Background: Anterior cruciate ligament (ACL) injuries are common in physically active adolescents. Delayed treatment of these injuries is associated with increased intra-articular pathology. This study aimed to identify the patient factors associated with delayed ACL reconstruction in adolescents, the relationship between time to ACL reconstruction and frequency of intra-articular pathologies, and the barriers to timely access to treatment of ACL injuries in a publicly funded health care system.
Methods: A retrospective chart review was conducted for adolescents undergoing primary ACL reconstruction at a tertiary care pediatric hospital. Data on patient demographics, physiotherapy, income, and intraoperative status of cartilage were collected, and time from injury to orthopaedic referral, consult, and ACL reconstruction were calculated. Federal census data were used to determine the patients’ socioeconomic status. A multivariate linear regression model was used to identify the association between time to ACL reconstruction and the patient’s sex, age, family income, and distance to hospital. The model was run for each of the four time variables: injury to ACL reconstruction, injury to orthopaedic referral, referral to orthopaedic consultation, and consultation to ACL reconstruction. A logistic regression model was used to determine whether delayed reconstructive surgery led to higher likelihood of intra-articular pathology. Delayed time to ACL reconstruction was considered to be more than 180 days after injury.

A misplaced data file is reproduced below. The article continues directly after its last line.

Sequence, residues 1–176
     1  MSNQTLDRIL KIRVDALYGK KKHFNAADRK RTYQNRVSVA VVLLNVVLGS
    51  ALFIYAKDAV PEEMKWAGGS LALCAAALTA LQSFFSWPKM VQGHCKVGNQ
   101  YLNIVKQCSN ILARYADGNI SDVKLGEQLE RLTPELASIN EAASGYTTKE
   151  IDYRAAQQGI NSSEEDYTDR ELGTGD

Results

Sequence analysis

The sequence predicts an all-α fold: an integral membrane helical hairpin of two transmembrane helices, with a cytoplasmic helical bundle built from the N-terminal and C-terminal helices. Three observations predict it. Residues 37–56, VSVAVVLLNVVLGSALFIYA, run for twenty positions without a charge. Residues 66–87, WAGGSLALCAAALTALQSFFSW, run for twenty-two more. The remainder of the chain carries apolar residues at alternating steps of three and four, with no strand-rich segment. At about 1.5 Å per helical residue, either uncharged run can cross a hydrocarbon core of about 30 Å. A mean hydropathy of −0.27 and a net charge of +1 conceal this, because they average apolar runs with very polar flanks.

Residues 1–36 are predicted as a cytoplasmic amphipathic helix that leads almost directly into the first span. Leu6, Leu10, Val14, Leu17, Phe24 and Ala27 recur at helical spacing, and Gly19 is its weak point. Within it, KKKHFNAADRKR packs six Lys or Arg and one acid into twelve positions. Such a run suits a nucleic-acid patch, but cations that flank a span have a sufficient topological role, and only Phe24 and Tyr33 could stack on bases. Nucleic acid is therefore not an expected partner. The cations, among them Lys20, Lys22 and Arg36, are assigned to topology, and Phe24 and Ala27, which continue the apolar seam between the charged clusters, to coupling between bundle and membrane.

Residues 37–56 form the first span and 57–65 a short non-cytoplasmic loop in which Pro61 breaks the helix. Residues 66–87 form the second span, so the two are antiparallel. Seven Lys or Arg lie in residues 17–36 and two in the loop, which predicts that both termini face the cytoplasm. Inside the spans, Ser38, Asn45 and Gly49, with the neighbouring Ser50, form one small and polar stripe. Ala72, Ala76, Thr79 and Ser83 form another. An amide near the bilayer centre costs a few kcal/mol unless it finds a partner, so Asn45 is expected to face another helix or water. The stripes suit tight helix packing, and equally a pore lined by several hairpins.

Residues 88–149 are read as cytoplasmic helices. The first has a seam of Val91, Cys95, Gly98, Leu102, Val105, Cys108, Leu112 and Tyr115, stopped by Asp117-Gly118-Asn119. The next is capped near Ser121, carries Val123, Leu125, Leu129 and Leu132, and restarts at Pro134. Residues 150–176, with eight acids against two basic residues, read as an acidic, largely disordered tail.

Results: Eighty-three patients were identified. Mean time from injury to reconstruction was 286 days. Although no association was found between time to ACL reconstruction and frequency of medial or lateral meniscal tear or articular cartilage damage, most patients had experienced delayed treatment and had meniscal or articular cartilage damage at the time of ACL reconstruction. Income was the only variable that had a significant effect on time to ACL reconstruction. For every $10 000 increase in income, time to ACL reconstruction was reduced by 20.9% (43 days).
Conclusions: Most adolescent patients are having delayed ACL reconstruction, potentially contributing to increased frequency of intra-articular pathology. Increased income was associated with a significant decrease in time to ACL reconstruction. Further research is needed to determine why patient socioeconomic status was associated with differential access to ACL reconstruction within a publicly funded health care system.
Reconstructive surgery for anterior cruciate ligament injuries in adolescents with lower socioeconomic status may have been delayed because their families had less capacity to seek multiple medical opinions and were less likely to be able to afford privately funded services such as physiotherapy and private advanced imaging.